Lord Ahmed also maintained that the pupils of these schools are not “at risks of extremism and radicalization” and he thought that “Ofsted’s chief inspector has overreacted” on the recent reporting of the six Muslim private schools. Lord Ahmed mentioned, “By creating an environment in which parents feel their children are safe, a child can develop strong links between what is taught at home and what is taught at school, thus enhancing their learning, in accordance with their parents’ wishes. Though a faith focus exists in many other institutions, here it has been misconstrued as extreme and radical, when simply it is just put in place to teach the fundamentals of the specific religion. Pupils are not “at risk of extremism and radicalisation”, and it seems as though Ofsted’s chief inspector has overreacted on the recent reporting of the six Muslim private schools.”

Lord Ahmed also said, “Many say that for too long the United Kingdom has allowed religious communities to “enforce their own values and traditions” on children. Is this so wrong? These religious communities include parents, do they not have a say in how to bring up their own children anymore? Why is it so necessary to get involved with the personal lives of people so much, what happened to freedom of choice?”

Lord Ahmed pointed out about the worst discrimination faced by Muslims found in a recent research by Dr Nabil Khattab and Professor Ron Johnston, from the University of Bristol. Lord Ahmed said, “This report has emerged at the same time as the recent research by Dr Nabil Khattab and Professor Ron Johnston, from the University of Bristol, which finds that Muslims experience the worst discrimination of any other minority group in job prospects in the UK, with Muslim men up to 76%, and Muslim women up to 65% less likely to gain employment than their white counterparts of the same age with the same qualifications.”

Lord Ahmed also maintained, “Combined with the recent downgrading of several Muslim schools, this evidence suggests an ongoing and growing nervousness about Islam in the UK, raising further worrying questions about Islamophobia amongst the public.”

Lord Ahmed concluded by saying, “Furthermore, if we look at the subjects offered by each of the six accused Muslim private schools, we notice that they do offer a variety of subjects which are not all solely based on Islamic teachings. Therefore the argument about not providing a broad and balanced curriculum is inaccurate.”

At the end, a Links for Curriculum’s of each school mentioned:

Some examples are given below:

Mazahirul Uloom – courses (
Alhamdullilah, we are now able to offer a greater selection of GCSE Courses than ever before:
The following subjects are taught leading to a Full GCSE:
Arabic Language

English Literature
Science (triple award for our top students)
Information Communication Technology

In addition we teach the following National CURRICULUM Subjects:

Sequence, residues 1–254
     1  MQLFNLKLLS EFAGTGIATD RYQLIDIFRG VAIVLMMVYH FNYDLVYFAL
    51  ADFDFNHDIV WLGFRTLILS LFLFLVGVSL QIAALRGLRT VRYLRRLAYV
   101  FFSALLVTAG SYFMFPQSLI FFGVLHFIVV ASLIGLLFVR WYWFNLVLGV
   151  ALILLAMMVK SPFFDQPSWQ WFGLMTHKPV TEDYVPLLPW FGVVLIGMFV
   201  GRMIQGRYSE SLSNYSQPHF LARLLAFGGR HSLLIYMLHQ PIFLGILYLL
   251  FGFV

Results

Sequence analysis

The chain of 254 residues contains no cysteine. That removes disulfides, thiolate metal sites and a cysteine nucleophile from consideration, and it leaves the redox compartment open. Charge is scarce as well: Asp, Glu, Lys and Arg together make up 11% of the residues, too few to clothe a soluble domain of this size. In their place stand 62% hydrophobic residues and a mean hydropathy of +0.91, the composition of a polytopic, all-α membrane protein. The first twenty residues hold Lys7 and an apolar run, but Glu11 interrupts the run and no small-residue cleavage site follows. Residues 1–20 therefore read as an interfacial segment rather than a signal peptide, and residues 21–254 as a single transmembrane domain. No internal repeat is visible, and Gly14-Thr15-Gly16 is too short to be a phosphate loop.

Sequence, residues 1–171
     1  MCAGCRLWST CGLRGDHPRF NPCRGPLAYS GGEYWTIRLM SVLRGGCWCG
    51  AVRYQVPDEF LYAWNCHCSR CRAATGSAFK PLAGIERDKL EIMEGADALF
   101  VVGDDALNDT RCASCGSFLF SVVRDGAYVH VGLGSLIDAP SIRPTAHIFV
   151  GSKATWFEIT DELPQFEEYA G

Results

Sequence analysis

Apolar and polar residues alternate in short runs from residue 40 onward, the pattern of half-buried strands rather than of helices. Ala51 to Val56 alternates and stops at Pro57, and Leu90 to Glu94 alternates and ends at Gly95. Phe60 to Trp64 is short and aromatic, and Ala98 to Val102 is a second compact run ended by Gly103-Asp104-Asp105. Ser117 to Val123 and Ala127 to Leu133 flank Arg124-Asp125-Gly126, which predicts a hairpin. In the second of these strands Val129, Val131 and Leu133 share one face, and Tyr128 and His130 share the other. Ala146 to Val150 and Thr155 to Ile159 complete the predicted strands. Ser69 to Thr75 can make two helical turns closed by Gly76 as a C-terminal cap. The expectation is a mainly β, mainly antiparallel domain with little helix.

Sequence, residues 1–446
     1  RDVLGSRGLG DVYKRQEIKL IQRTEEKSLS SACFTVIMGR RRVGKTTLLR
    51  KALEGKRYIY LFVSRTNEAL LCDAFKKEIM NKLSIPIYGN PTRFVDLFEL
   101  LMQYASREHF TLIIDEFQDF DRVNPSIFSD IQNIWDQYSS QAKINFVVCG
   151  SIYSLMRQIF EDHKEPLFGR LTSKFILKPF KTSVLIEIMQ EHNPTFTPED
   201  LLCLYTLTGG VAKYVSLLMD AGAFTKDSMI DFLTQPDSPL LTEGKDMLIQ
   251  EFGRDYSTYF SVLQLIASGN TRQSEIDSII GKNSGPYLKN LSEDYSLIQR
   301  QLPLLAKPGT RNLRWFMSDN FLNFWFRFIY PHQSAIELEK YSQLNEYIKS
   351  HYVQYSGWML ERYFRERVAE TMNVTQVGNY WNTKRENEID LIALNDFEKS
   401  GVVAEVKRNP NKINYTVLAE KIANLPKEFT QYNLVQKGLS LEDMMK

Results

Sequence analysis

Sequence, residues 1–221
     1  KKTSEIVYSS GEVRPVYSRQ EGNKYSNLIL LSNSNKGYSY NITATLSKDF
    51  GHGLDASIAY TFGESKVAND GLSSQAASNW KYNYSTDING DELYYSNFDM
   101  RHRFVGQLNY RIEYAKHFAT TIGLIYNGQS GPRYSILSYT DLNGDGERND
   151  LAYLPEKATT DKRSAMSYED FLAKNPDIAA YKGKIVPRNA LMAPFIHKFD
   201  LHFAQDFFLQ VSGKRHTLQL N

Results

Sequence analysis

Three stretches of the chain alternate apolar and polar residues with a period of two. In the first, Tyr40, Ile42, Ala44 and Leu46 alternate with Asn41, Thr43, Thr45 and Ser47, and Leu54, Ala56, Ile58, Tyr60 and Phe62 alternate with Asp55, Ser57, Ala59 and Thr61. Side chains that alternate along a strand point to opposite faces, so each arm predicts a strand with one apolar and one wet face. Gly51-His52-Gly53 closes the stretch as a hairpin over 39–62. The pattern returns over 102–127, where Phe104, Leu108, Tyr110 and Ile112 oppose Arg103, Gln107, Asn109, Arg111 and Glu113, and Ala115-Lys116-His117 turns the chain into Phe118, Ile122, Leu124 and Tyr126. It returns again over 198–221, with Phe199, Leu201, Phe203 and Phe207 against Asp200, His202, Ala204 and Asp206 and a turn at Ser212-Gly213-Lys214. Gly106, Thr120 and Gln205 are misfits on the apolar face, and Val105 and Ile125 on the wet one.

Physical Education (Football, Cricket, Table Tennis, Athletics)

We also have a full Traditional CURRICULUM including:

Tahfeez;  Tajweed; Aqaaid; Fiqh; Hadeeth; Seerah and Taareekh and Nasheeds

Jamiatul Ummah – curriculum
This page gives an overview of the school CURRICULUM, and connects it to GCSE subjects.
Subjects Offered
Brief Description
GCSE Entry
Hifzul Qur'an
Memorising the whole Qrr'an for Hifz students
Memorising the last para/Juz and other selective suras, with Tajweed Recitation and meaning
Selective hadith in Arabic text, with meaning, explanation and APPLICATIONS to our practical life, and principles of Hadith
All these subjects come under Edexel syllabus as a full COURSE- Islamic Studies
Seerah/Islamic History
Short biographies of earlier prophets, extensive biography of the last prophet, short biographies of the companions, heroes and contemporary scholars of Islam

Aqeeda of Ahl-Sunnah wal Jamah, based on al-Fiqh al-Akbar by Imam Abu Hanifa and Sharh Aqidah al-Tahawiyyah by Imam Tahawi

Comparative Religion
Discussion and comparison of the major living religions of the world

Fiqh and Usul al-Fiqh
Major issues of Fiqh, including those that are faced by modern Muslims in the West

Arabic Language
A combined course in Qur'anic and modern (Standard) Arabic
Includes ethics, Akhlaq-Adab, developing positive social behavious and peaceful living in a multi-cultural society
To be confirmed
Writing ESSAYS, reading comprehension, poetry
English Literature
Novels, short stories, poems, etc
SCIENCE (Double Award)
Biology, CHEMISTRY and Physis
Number, Algebra, Handling data, Space and Shape, etc
Information Communication Technology (ICT)
DATABASE Software, Spreadsheet, Graphics software, Web Design, etc.,
Physical Education (PE)
FITNESS, Football, Cricket, Kayaking, Climbing, etc.,
Reading, writing and speaking
This subject in under consideration in the near future
To be confirmed
This subject in under consideration in the near future
To be confirmed
A pupil can choose the Hifz section where a considerable amount of time is given to memorizing the Qur'an in addition to studying the  National Curriculum subjects. Since the task of memorizing the whole Qur'an normally requires extra  time and effort, pupils from the Hifz section do not attend some of the optional subjects.

Ebrahim College – Courses

Al-Mizan School Secondary – Curriculum

Islamic Sciences 

Qur’an and Tajweed
Second list item
Hadith; Arabic Language;  Aqeedah; Fiqh; Islamic history; Seerah;
IGCSE Islamiyat and Tafseer

National Curriculum 
English (Language and Literature)
Science (Chemistry, Biology and Physics)
Information and Communication Technology (ICT)
Humanities (Geography, History & Social studies)
Citizenship, PSHE, Physical Education
Art and Cultural Studies,
Religious Studies